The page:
published on Jun 15, '16
Creating good working relationships with everyone involved is the key to ensuring a successful non-profit art show. This includes the artists, donors, benefactors, volunteers, public and media. Even before you think about funds and how much money is being raised, think about your team members and the individuals involved. Make sure everyone’s on the same page and united in their desire to make your non-profit art show a success. How? Read on for five tips for organizing your own non-profit art show, plus a bonus tip because we like you.
The first thing you need to establish is your theme, or story. In order to have a good show, a great turnout and even better sales, your first priority must be your theme. This will determine how your press releases are written and what angles to take when accepting media interviews.
When organizing a non-profit event, the focus must be on the charity or organization benefiting from the proceeds. First, why is this cause special to you? What makes it different from all the other non-profits out there?
Second, why are you showcasing this particular collection of art, and what’s going to make people want to buy it? Make sure you know the story you’re going to be telling.
Look at the people on your committee. They should not only bring creative focus, great ideas and solutions to your art show, but also be individuals with good connections. Those whose networks include art patrons, media professionals and journalists will be able to bring more attention and a wider audience.
Allot enough time in advance for the committee planning. Make sure everyone understands the financial goals, and how to present the event to each of their networks. Then establish the responsibilities of each of your committee members. Do they know their particular role in the art show? Do they know the story of the non-profit and how to answer any questions that the public may ask?
If necessary, assign one or two people on the committee to be your public representatives. These individuals should know all the necessary details and be responsible for the handling of any media queries.
Just as big corporations choose their brand ambassadors carefully – according to values and public interest – you should also take a close look at the artists representing your non-profit, and especially their art that will be on display at your event. Regardless of what medium is used, art always has a message. This message should align with the vision and goals of your non-profit.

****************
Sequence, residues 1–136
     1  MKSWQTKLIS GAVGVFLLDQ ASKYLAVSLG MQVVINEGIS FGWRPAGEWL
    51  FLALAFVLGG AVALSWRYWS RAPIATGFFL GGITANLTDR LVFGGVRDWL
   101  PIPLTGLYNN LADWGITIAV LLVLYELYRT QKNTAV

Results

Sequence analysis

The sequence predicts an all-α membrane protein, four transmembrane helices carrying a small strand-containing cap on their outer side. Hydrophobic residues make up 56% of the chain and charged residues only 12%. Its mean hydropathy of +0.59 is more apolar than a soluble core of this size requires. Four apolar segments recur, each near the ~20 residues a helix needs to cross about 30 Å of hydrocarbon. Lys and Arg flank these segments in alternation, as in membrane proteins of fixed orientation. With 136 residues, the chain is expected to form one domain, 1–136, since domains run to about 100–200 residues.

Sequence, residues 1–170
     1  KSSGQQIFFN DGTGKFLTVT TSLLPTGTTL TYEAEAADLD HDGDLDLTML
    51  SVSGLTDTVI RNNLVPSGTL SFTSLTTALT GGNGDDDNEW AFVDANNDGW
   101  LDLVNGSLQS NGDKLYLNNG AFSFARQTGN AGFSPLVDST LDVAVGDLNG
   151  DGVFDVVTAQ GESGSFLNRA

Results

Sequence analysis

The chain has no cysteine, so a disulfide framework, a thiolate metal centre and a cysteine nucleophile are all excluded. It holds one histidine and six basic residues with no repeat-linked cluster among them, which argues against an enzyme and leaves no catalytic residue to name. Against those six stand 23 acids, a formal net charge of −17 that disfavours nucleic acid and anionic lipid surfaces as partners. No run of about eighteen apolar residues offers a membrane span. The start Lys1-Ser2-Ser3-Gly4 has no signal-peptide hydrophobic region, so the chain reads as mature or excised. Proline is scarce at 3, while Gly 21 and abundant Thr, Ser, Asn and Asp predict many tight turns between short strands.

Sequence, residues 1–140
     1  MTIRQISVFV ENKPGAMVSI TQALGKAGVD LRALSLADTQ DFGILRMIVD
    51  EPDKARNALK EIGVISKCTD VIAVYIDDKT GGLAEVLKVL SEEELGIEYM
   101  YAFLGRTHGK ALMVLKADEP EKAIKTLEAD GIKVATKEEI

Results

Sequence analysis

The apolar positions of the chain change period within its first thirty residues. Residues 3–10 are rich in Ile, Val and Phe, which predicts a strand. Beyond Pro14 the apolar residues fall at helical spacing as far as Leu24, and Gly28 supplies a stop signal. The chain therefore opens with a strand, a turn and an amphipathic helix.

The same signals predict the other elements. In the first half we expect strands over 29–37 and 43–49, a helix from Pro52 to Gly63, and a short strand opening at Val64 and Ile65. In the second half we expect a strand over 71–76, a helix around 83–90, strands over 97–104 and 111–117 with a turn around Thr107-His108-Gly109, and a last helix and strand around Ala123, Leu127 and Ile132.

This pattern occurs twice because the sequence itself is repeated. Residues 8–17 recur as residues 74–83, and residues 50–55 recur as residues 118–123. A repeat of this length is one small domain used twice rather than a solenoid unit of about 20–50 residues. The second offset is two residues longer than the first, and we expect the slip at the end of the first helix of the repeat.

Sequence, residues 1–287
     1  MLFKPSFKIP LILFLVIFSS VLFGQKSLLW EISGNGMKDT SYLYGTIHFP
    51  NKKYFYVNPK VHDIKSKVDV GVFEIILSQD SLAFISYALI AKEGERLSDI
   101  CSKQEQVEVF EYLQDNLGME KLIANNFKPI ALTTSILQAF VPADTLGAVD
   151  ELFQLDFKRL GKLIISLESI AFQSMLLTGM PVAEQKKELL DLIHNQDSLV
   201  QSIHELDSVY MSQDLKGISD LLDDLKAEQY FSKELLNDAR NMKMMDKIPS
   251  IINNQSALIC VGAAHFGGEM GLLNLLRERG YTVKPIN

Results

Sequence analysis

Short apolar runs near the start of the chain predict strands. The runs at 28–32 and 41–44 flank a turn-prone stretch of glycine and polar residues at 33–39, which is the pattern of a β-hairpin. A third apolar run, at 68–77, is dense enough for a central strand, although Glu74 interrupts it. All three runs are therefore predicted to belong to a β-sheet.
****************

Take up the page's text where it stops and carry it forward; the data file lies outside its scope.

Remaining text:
Another note on your artists: They may be giving away their art in exchange for recognition at a non-profit event, and to broaden their clientele base. Still treat them as artists whom you’d be paying–with every bit of respect they deserve.
If you’re having other entertainment at the event, such as musical performers, you might have an exchange deal with them, offering a venue for both performance and promotion. If not, then organize monetary payment for everyone who’s contributing – unless you’ve previously agreed that they’ll be donating their services. This will show that you value the artists and support their creative causes as well.
There are many online platforms for getting your event out to a wider audience, but an easy and simple way to keep the public and supporters updated is by blogging about the event. You could periodically write about the behind-the-scenes preparations, or even hire a content writer to craft interesting articles that relate to your event. For example, interviews with the artists involved, stories about the beneficiaries, or photos from the production process (artists in their studios, etc.). This will create more awareness for your cause.
Compile an email list of subscribers to your blog, as some of them may eventually become your patrons and support your work.
Art shows have the advantage of reaching a wide audience. Get on radio talk shows or schedule TV interviews if you have an able spokesperson. Invite journalists to listen to your story and run the articles in the weeks leading up to your event.
You need to use caution when communicating with media outlets because, in the end, they decide on what’s published, not you. Prepare good press releases, artist statements and a clear vision about your work.
When inviting journalists, remember to include those from the lifestyle sections of magazines and newspapers, art magazine editors, and even bloggers who focus on local fine art and events. If you don’t have a website up and running, get one.
Here are several ways to raise more funds for your non-profit during the actual event, besides selling original art pieces.